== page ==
The behaviour of solids is determined by interactions between the elements that make them up; for example, if there are free electrons in a metal it will conduct electricity. But it is suprising how much of the behaviour is just a result of geometry: send a wave (for example sound) through a lattice of pillars and the way the sound bounces around will be similar in many respects to the way an electron bounces through a lattice of metal atoms.
There's been a class of materials that have caused much excitement recently: van der Waals materials. These are made from layers of atoms much like the two layer structure in the figure below. It has recently been found that some of these materials are superconducting, meaning electrons can flow with zero resistance. There remain many mysteries around superconductivity which if solved may permit their use in everyday settings, for example in the national grid, avoiding the wasted energy that is turned into heat by the resistance of the wire.
In our intial paper we recreated some of the behaviour of these materials but by replacing the electrons bouncing around atoms with sound bouncing around pillars. This means rather than doing experiments at freezing temperatures with minature devices we can just fire sound through an array of iron pillars.
In a follow-on piece of work our team was able to recreate the key features of the superconducting metal within an acoustic system, which was super exciting to see!
Van der Waals heterostructures are an active frontier for discovering emergent phenomena in condensed matter systems. They are constructed by stacking elements of a large library of 2-dimensional materials that couple together through van der Waals interactions. However, the number of possible combinations within this library is staggering, so fully exploring their potential is a daunting task. We introduced van der Waals metamaterials to rapidly prototype and screen their quantum counterparts. These layered metamaterials are designed to reshape the flow of ultrasound to mimic electron motion. In particular, we show how to construct analogues of all stacking configurations of bilayer and trilayer graphene through the use of interlayer membranes that emulate van der Waals interactions. By changing the membrane’s density and thickness, we can also reach coupling regimes far beyond that of naturally occurring graphene. We anticipate that van der Waals metamaterials can be used to explore, extend, and inform future electronic devices. Furthermore, they allow the transfer of useful electronic behavior to acoustic systems, such as flat bands in magic-angle twisted bilayer graphene, which may aid the development of super-resolution ultrasound imagers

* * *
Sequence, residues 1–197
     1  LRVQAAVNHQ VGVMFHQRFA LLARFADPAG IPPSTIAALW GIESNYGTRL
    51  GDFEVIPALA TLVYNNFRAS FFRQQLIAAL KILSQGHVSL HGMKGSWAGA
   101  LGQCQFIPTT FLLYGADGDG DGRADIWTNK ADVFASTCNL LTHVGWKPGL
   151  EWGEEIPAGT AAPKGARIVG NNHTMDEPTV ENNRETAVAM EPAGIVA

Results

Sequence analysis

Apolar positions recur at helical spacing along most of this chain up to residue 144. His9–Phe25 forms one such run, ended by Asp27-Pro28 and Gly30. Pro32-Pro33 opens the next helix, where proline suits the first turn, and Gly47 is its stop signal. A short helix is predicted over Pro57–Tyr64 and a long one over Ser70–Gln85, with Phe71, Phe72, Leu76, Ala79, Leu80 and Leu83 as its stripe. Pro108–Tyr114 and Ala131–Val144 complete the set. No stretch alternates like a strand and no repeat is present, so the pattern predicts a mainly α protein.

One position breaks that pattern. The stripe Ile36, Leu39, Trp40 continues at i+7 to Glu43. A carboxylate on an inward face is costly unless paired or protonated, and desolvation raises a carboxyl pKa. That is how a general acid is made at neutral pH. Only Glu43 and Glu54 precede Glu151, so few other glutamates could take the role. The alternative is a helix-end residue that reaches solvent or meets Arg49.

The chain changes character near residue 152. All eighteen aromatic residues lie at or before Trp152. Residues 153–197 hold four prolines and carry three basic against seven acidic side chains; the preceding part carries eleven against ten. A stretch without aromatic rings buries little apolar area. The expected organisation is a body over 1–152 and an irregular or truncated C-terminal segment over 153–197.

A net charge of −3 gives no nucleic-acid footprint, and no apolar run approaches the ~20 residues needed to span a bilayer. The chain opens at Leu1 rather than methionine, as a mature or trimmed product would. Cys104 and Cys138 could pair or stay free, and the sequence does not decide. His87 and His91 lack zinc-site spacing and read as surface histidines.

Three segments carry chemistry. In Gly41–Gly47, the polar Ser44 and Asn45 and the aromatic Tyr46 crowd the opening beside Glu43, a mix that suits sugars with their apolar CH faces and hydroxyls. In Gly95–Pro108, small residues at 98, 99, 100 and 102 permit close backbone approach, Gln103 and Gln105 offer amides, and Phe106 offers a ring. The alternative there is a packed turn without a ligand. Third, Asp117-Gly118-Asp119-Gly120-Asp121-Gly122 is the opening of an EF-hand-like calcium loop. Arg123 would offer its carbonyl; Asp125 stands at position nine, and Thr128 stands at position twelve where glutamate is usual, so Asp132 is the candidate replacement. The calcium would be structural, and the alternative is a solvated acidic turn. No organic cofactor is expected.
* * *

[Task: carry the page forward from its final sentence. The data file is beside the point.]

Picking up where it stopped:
Read the original paper here.
This has since been extended by our team to simulating the flat bands of magic angle twisted bilayer graphene in acoustics, see the paper here. (Or the version on arxiv), as well as by another group in photonics
Figure: (a) We recreated interlayer hopping in bilayer graphene using (b) two layers of honeycomb metamaterial separated by a flexible membrane. (c) In AB-stacked bilayer graphene, the Dirac cones hybridize to create a ‘kissing’ band structure. (d) With an interlayer membrane made of 0.19-mm thick HDPE, the same effect is seen in our bilayer metamaterial. This effect is well described by the same tight-binding Hamiltonian used to describe bilayer graphene (inset). (e) In AA-stacked bilayer graphene, the structure of the Dirac cone changes. (f) By stacking our metamaterial in the AA configuration, it accurately captures the AA graphene Dirac cone structure.